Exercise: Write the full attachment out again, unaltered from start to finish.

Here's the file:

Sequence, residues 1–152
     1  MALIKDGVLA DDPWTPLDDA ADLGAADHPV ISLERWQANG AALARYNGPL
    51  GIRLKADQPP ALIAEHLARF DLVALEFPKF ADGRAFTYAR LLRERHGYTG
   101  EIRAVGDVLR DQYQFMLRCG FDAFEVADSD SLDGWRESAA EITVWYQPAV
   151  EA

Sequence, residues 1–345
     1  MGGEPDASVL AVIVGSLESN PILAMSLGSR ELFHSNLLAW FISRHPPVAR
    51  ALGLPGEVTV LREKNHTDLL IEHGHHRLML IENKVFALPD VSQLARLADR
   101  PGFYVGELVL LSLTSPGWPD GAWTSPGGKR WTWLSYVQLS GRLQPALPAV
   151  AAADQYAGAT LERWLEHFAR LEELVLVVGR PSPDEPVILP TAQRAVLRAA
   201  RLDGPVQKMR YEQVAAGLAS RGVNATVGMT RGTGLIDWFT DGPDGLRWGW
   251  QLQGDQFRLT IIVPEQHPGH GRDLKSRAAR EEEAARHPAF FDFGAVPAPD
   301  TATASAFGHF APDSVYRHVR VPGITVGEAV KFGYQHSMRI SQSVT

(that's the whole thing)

Sequence, residues 1–152
     1  MALIKDGVLA DDPWTPLDDA ADLGAADHPV ISLERWQANG AALARYNGPL
    51  GIRLKADQPP ALIAEHLARF DLVALEFPKF ADGRAFTYAR LLRERHGYTG
   101  EIRAVGDVLR DQYQFMLRCG FDAFEVADSD SLDGWRESAA EITVWYQPAV
   151  EA

Sequence, residues 1–345
     1  MGGEPDASVL AVIVGSLESN PILAMSLGSR ELFHSNLLAW FISRHPPVAR
    51  ALGLPGEVTV LREKNHTDLL IEHGHHRLML IENKVFALPD VSQLARLADR
   101  PGFYVGELVL LSLTSPGWPD GAWTSPGGKR WTWLSYVQLS GRLQPALPAV
   151  AAADQYAGAT LERWLEHFAR LEELVLVVGR PSPDEPVILP TAQRAVLRAA
   201  RLDGPVQKMR YEQVAAGLAS RGVNATVGMT RGTGLIDWFT DGPDGLRWGW
   251  QLQGDQFRLT IIVPEQHPGH GRDLKSRAAR EEEAARHPAF FDFGAVPAPD
   301  TATASAFGHF APDSVYRHVR VPGITVGEAV KFGYQHSMRI SQSVT